Jump directly to the content
Jul 29, 2011

Three Reasons the Media So Quickly Embraced the Label "Fundamentalist Christian" for Norway's Terrorist

By now, it appears, the media has decided that Norway's shooter was not a "Christian fundamentalist." GetReligion's Terry Mattingly, explained:

At this point, I think most journalists have reached the point that they know that Anders Behring Breivik (a) has self-identified as a 'Christian,' (b) yet he also made it clear that he is not a Christian believer, in terms of beliefs and practice and (c) that it is bizarre to call him a "fundamentalist," in any historic sense of the word.

This is a far cry from initial reports. CNN is my preferred news station and I could not count how many times I heard the word "Christian fundamentalist." We are told we should renounce the "Christian terrorist," and lest anyone be unclear, I (and all Christians) do. That label "Christian fundamentalist" traveled around the world before anyone asked if it was correct.
Now, calmer voices have emerged. CNN's Belief Blog brings the clarity:

He was a flaky extremist who might as well have claimed to be fighting for the honor of Hogwarts as for the cause of Christ," said Philip Jenkins, a Pennsylvania State University professor who studies global religion and politics, describing the suspected Norway attacker. "He did not represent a religious movement. ... People should not follow that Christian fundamentalist red herring."

Agreed. It's a red herring. But, I don't think that ends the conversation for the mainstream media. As I wrote last week (as did many others with bigger megaphones), this identification was obviously incorrect, yet the media pursued and propogated THAT VERY red herring... and the question I would like to ask is, "why?"

To be fair, this is what the initial police report said. However, that was soon debunked by those who took the the time to read what Breivik actually wrote. And, reporters are a fiercely independent bunch--except when there is a preconceived perception. We all tend to see the world through our preconceptions. For example, I am more likely to believe something questionable when I already have a perception or belief about an issue.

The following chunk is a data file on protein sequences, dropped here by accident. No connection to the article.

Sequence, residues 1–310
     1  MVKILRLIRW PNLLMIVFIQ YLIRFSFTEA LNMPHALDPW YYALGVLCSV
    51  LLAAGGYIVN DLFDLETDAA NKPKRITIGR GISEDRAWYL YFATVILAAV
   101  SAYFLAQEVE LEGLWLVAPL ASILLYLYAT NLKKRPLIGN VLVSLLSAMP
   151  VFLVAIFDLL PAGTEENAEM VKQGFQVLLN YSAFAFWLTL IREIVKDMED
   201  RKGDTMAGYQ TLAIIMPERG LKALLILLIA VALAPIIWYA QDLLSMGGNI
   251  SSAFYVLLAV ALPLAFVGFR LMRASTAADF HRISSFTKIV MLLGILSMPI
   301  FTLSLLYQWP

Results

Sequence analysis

In other words, when new information (the police officer's solitary comment) reinforces how we already see the world (Christian fundamentalists are dangerous). 

I think there are three reasons that many in the media were so quick to assume and report this unsubstantiated label.

1. Many in the media have deep suspicions about what they call "fundamentalism." They do not understand these strange people and are afraid of what they might do. If you are reading this blog, you are probably what the media would call a "fundamentalist." 

2. Some desire to create a moral equivalence. There are Muslim fundamentalists and they are bad. There must be Christian fundamentalists who are equally bad. 

3. Many believe that Christian fundamentalists are just a moment away from violence. Franky Schaeffer continues to be a sad spectacle of evangelical hate, comparing conservative evangelicals to the Taliban.

A narrative is being fashioned about conservative Christians (and to the media, just about all evangelicals would be very conservative). 
That narrative is that they are simple, angry, persecute gays, cling to God and guns, and are close to violence at any moment. 
So, to the media, this was an "aha" moment--they saw it coming all along. However, their response says more about the media than it does about Breivik.

Now, all this to say, I think an important moment of self-examination needs to take place in the media. Simply put, in regards to labeling Breivik a fundamentalist, "Why so eager?" I think we can all see why--I just hope that those in the mainstream media can as well.

Related Topics:None
Posted:July 29, 2011 at 12:00 am


Please read our comment policy before you weigh in, and then feel free to comment.
To add a comment you need to be a registered user or Christianity Today subscriber.

More From This Blog

A Thanksgiving Prayer From Old

A Thanksgiving Prayer From Old

Life may be tough, and the world may be broken, but God is faithful.
20 Truths from Pioneering Movements by Steve Addison

20 Truths from Pioneering Movements by Steve Addison

Jesus founded the greatest movement this world has ever seen. How do we join in?
Who Do You Hang Out With?

Who Do You Hang Out With?

Church leaders must consider who Jesus spent time with and seek to follow his lead.
Contextualization at Home: What Would Jesus Do Here?

Contextualization at Home: What Would Jesus Do Here?

We can’t reach the world for Jesus if we don’t know Jesus and how He operates.

Follow Ed Stetzer

Exchange Logo

This week on The Exchange with Ed Stetzer:
Jeff Christopherson, Vice President of Send Network (NAMB), and author of Kingdom First: Starting Churches that Shape Movements
Women’s speaker and Bible study author Beth Moore
From The Gospel Project: Dr. Tony Evans, founder and senior pastor of Oak Cliff Bible Fellowship, on The Gospel and the Kingdom of God
Bad church signs

Cast: Ed Stetzer

Read ED Stetzer's Books

See All

Follow Christianity Today

Christianity Today
Three Reasons the Media So Quickly Embraced the Label "Fundamentalist ...